NASCAR has raced on the beach at Daytona, under the lights and even around a pesky pothole.
But never on a Monday -- until now.
The Daytona 500 was postponed Sunday for the first time in its 54-year history after heavy rain saturated Daytona International Speedway.
NASCAR officials spent more than four hours waiting for a window to dry the famed track, but it never came. When the latest storm cell passed over the speedway around 5 p.m., they had little choice but to call it a day.
The 500-mile race was rescheduled for noon today (Ch. 29).
"This is one of the toughest things for us drivers," pole-sitter Carl Edwards said. "It's now who can really stay focused. That's not just the drivers, that's the pit crews, the crew chiefs, everyone, the officials. But I think we'll be just fine."
But today might be another test for both drivers and fans.
The forecast calls for more rain, and officials are prepared to wait all day and into the night to avoid a Tuesday race, which would strain teams that must get to Phoenix for next week's race.
"The longer runway we have tomorrow to get in the Daytona 500, the greater the likelihood for us to start and finish the event on Monday," NASCAR spokesman Kerry Tharp said. "There are certainly a lot of considerations that go into the start time decision, and we believe scheduling it for noon gives us the best opportunity for us to get the race in tomorrow."
Eight previous Daytona 500s have endured rain delays, the latest in 2009. But never before had storms forced NASCAR's premier event to be moved.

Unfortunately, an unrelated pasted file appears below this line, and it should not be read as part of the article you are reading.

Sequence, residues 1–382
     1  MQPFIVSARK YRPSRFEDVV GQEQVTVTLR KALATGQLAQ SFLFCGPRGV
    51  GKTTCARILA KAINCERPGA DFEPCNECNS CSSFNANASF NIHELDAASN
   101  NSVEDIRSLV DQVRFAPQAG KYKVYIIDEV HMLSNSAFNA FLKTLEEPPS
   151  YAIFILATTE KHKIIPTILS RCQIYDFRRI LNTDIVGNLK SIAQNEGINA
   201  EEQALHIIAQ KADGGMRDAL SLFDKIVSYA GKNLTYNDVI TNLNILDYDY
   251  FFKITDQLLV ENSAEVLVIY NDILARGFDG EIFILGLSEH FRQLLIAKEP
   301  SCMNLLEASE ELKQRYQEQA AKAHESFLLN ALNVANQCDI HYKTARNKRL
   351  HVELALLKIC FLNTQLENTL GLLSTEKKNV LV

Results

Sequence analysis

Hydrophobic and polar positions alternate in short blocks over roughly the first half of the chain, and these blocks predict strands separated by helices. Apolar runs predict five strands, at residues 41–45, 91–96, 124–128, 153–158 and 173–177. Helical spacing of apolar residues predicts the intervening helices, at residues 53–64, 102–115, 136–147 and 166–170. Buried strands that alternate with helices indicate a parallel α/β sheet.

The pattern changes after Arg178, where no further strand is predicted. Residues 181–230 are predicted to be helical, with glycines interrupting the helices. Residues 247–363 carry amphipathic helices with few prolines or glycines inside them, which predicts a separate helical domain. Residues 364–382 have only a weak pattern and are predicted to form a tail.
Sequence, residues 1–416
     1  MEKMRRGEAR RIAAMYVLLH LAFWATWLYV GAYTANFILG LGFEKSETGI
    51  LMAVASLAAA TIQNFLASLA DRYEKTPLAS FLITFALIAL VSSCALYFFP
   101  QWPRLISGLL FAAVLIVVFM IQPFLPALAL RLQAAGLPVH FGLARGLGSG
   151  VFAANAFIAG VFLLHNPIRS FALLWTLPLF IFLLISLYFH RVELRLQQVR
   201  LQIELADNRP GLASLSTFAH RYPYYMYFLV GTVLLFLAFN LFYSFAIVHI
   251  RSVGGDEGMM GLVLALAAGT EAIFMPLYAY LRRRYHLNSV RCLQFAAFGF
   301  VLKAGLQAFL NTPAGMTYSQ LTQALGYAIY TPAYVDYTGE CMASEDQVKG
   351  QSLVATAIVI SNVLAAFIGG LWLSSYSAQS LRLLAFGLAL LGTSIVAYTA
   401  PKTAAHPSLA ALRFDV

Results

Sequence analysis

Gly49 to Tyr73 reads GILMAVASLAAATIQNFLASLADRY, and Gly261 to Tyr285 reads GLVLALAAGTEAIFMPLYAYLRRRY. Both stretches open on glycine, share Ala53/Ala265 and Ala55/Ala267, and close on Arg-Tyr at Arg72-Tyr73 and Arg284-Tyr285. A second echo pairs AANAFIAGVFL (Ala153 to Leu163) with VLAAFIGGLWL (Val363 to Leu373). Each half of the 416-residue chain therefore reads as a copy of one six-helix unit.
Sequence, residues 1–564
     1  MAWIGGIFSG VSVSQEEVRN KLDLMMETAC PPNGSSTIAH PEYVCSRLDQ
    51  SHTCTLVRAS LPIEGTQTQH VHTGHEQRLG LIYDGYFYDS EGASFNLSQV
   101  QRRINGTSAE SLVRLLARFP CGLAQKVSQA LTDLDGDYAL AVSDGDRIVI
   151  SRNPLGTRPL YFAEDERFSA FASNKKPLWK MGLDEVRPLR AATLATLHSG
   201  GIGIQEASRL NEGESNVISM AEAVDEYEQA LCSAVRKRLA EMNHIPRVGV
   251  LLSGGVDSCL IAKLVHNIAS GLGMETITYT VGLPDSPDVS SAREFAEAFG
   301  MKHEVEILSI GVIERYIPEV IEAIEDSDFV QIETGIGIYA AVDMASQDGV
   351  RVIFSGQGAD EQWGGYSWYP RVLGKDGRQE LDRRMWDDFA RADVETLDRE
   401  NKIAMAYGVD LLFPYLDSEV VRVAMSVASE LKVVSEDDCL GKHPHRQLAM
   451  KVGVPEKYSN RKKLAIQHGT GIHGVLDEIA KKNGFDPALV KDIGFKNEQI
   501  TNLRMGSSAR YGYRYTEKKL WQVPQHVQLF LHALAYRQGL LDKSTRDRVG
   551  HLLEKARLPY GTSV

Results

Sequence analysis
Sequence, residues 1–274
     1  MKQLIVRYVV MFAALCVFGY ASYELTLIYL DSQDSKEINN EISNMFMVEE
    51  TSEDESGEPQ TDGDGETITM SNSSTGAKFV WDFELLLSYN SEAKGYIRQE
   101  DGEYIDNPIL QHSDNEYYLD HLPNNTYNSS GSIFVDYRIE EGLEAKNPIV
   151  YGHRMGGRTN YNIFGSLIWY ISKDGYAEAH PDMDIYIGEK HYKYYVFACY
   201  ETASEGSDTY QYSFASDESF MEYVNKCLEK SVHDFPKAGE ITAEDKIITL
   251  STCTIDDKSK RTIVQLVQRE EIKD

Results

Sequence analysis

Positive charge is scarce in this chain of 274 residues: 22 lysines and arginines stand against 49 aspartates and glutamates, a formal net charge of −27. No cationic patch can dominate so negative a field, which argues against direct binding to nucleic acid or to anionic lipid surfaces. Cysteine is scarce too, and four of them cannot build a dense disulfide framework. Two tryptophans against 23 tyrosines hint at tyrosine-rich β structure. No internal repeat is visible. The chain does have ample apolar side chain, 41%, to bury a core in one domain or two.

"I think that's a pretty good record for NASCAR," Edwards said. "They've been living right to have 53 of these and never have one postponed. That's pretty spectacular. I think NASCAR, they're doing the right thing, you know, not dragging this out."
Noontime showers sent fans scattering for cover and leaving everyone in wait-and-see mode. Puddles of water formed in parts of the infield, and many fans got drenched as they tried to make the best of a less-than-ideal situation.
Drivers retreated to their motorhomes, relaxing while keeping an eye on developments. Edwards, Brad Keselowski and others took naps. Former Daytona 500 winners Jamie McMurray and Trevor Bayne did in-studio interviews with Fox. Another previous race winner, Ryan Newman, played with his daughter in the motorhome lot.
"I guess I'm gonna have to win the first Monday Daytona 500," driver Greg Biffle said. "As you can tell, I'm still in my uniform because I was optimistic that this weather was gonna get out of here and we were going to get this thing going. I know a lot of race fans are disappointed and a lot of people at home on TV, but we just hope they tune in tomorrow."
The last shortened Daytona 500 was Matt Kenseth's victory three years ago, when rain stopped the event 48 laps from the finish. He was declared the winner while the cars were parked on pit road.
The 2010 race had more than two hours in delays as NASCAR twice stopped the event to fix a pothole in the surface. McMurray held off Dale Earnhardt Jr. to win that race.
Now, NASCAR must deal with the downside of moving its biggest race. Ratings and attendance will suffer, falling short of what the series expected. Fans will have complaints, too.
Daytona President Joie Chitwood said he understood fans were frustrated about the scheduling change that pushed the race back one week later than usual. NASCAR and the track made the decision to move the start of the season to address an awkward early off weekend and to avoid potential conflicts with the Super Bowl.
Had the race been run on its traditional Sunday, it would have been completed under a bright, blue sky.
"I'm sure I'm going to have some customers tell me about the date change and the challenges that we have with it," Chitwood said. "But I think weather is unpredictable."